‘Govt knew we were most vulnerable, but did nothing’

Assam massacre: As they mourn the dead, villagers say Muslims always at receiving end.

Written by Samudra Gupta Kashyap | Bansbari (baksa) | Updated: May 4, 2014 10:17:28 am

Qurban Ali Khan claimed he has seen “all the riots” that have taken place in this part of the country since Partition. “I have been witness to so many incidents of violence that such gruesome sights of bodies of little children and elderly people lined up for burial no longer disturbs me,” said the 96-year-old resident of Raghabeel, a village inseparable from Khagrabari except for the Beki river that divides the two.

Thirteen of the 21 persons killed in the Khagrabari attack Friday evening were buried in the burial ground in Raghabeel Saturday with Khan standing among hundreds of mourners as the maulavi chanted from the Quran and relatives put lumps of earth in the graves.

“I have seen many incidents of violence, right from a riot that occurred immediately after Partition. The last was in July 1994 when more than 100 Muslims were massacred in a relief camp at Bansbari after Bodo militants attacked villages,” Khan said.

“That was during CM Hiteswar Saikia’s time. And the situation is no better this time with a Congress government headed by Tarun Gogoi in the state,” said Khan, a survivor of the 1994 massacre in which over 50 victims were from Raghabeel. “The Muslims have been at the receiving end every time there is some trouble in Assam. This has been so since the Nellie massacre of 1983,” said Khan.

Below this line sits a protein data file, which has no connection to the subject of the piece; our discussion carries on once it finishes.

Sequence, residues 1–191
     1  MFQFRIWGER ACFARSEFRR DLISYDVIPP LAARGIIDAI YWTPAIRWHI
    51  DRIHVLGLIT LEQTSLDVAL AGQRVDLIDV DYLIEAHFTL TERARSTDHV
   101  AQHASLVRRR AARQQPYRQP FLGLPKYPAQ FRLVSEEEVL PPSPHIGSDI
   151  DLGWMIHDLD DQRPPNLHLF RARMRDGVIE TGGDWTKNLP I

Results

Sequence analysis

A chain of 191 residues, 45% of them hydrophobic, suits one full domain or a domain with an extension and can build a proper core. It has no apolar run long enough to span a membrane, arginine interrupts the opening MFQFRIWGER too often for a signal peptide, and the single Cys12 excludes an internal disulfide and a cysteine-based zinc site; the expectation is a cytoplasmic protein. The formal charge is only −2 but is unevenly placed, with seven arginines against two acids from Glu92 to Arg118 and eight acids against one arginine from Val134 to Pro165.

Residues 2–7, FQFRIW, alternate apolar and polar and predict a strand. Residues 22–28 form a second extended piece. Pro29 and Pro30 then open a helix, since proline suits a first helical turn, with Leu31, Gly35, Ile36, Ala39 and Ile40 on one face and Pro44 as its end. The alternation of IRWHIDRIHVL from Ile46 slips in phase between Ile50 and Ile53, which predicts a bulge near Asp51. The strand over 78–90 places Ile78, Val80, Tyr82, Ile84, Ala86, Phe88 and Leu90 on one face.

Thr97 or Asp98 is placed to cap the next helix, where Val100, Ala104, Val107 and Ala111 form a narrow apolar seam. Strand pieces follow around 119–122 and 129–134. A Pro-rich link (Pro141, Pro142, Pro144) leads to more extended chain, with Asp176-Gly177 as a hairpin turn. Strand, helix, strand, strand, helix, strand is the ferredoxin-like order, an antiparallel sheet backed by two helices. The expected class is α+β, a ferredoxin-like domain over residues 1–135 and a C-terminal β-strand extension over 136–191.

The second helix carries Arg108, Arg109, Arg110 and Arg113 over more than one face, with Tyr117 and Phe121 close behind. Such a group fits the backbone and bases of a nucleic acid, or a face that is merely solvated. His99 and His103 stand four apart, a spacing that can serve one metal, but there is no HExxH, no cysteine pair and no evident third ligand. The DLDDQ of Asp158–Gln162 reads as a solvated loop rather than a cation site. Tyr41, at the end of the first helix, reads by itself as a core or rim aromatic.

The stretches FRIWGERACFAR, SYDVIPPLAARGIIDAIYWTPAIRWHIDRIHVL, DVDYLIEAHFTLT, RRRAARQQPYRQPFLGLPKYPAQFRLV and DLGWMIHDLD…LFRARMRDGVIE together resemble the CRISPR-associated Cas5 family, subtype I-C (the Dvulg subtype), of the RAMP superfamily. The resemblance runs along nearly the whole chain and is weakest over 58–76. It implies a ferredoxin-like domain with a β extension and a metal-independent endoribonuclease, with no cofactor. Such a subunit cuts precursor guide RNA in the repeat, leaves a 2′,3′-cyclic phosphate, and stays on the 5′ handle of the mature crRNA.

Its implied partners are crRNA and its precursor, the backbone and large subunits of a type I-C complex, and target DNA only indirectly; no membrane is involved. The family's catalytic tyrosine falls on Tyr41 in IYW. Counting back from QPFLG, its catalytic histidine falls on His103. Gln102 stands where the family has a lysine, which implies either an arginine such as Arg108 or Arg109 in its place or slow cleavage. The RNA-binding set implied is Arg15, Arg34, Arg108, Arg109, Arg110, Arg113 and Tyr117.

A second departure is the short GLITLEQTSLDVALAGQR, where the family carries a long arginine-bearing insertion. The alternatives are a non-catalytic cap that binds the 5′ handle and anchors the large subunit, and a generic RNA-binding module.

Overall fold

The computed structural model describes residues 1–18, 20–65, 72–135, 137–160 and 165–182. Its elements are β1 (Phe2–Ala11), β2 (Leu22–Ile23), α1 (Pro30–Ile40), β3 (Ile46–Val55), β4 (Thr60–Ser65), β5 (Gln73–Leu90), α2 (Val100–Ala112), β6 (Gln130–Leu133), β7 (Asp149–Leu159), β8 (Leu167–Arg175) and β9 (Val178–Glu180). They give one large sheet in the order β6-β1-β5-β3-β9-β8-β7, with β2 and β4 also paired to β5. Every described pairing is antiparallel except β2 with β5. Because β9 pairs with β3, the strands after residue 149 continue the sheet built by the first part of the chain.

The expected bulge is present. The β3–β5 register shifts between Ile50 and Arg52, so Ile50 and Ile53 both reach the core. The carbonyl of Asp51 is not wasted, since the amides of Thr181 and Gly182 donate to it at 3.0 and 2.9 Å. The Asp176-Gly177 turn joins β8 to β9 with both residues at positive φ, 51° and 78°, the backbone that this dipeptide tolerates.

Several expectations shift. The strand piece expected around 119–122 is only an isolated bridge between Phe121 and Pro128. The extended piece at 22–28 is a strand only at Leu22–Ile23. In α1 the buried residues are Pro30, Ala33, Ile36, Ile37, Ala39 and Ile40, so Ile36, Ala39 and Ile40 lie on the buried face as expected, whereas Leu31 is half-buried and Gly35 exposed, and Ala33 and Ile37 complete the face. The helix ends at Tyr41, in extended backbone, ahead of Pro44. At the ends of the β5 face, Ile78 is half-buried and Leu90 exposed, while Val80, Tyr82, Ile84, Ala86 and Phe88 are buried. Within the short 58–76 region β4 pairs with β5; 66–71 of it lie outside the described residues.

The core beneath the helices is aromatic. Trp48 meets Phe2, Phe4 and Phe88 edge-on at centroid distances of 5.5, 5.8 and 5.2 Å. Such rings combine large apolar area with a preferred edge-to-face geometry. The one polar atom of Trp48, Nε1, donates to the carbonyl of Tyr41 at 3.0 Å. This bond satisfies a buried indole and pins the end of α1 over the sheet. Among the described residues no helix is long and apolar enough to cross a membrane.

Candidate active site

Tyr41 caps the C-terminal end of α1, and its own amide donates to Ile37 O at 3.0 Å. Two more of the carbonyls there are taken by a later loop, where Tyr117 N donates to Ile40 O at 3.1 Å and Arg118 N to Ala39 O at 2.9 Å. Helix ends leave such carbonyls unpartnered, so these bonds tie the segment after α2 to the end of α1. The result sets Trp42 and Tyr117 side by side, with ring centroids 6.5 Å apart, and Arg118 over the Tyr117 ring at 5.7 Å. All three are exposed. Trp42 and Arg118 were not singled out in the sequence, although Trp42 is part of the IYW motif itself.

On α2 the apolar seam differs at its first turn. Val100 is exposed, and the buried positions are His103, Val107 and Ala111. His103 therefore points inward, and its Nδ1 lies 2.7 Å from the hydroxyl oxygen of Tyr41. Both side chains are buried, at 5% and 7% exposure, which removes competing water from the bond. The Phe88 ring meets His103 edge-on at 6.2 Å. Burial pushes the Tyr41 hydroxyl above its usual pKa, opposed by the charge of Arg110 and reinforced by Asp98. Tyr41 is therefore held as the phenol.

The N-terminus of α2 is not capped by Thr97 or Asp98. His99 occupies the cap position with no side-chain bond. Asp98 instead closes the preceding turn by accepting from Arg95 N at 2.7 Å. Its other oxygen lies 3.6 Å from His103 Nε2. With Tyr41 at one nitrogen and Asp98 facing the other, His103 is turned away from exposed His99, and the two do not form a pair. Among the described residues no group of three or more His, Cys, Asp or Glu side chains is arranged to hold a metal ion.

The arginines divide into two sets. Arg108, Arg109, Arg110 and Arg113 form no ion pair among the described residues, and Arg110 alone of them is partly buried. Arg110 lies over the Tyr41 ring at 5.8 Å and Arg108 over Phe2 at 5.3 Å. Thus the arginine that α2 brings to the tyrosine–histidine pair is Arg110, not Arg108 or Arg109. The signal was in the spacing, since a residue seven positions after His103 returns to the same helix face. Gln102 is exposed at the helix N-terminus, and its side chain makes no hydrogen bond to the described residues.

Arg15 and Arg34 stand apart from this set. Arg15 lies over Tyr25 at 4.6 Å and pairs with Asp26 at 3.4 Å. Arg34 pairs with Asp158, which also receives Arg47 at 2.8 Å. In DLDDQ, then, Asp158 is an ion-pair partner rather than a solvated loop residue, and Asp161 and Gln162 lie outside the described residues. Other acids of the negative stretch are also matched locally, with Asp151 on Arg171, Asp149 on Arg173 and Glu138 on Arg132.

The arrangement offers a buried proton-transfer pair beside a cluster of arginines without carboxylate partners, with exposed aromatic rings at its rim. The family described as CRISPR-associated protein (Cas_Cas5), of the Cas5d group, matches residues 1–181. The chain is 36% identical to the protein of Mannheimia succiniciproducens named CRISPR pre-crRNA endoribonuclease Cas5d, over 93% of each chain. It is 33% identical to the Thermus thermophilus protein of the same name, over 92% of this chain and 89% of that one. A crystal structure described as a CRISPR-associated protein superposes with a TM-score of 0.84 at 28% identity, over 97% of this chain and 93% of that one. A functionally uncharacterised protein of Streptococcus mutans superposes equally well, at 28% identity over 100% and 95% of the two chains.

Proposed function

In 1994, seven villages were almost entirely razed by Bodo militants. More than 30,000 Muslims were rendered homeless in a span of five days. When people were put in relief camps, the militants attacked the one at Bansbari and gunned down more than 100 of them.

“There was, however, no trouble in 1996 and 2012 when thousands of people were rendered homeless in Kokrajhar district,” said his son Md Raihan Ali, a farmer. “In the 2012 violence, two persons from our village lost their lives when they had gone to visit Kokrajhar.”

Ali blamed the government for the repeated attacks. “The government knows that we are the most vulnerable community. Look at this time. Everybody knew trouble would spark off any moment after the elections because the Muslims have, by and large, supported Naba Kumar Saraniya, a former ULFA leader in Kokrajhar. But the government did not take any measure,” he said.

“Our entire village was burnt in 1994 too. But that time only four people were killed,” said Dulal Ali of Khagrabari, who lost his wife in Friday’s massacre.

Thus, packing up whatever belonging they have and rushing to the main road or nearest police station seeking security has become a habit for many. “I lived in a relief camp in 1994 too,” said Rehana Khatun of Narayanguri village.

The government has moved in sizeable number of security personnel to Baksa as well as Kokrajhar and Chirang districts since violence broke out Thursday evening.

ADGP A P Rout said, “We have arrested 22 people so far.” Seven forest personnel have also been taken into custody after complaints of their involvement in the carnagein Khagrabari, Rout said.

For all the latest India News, download Indian Express App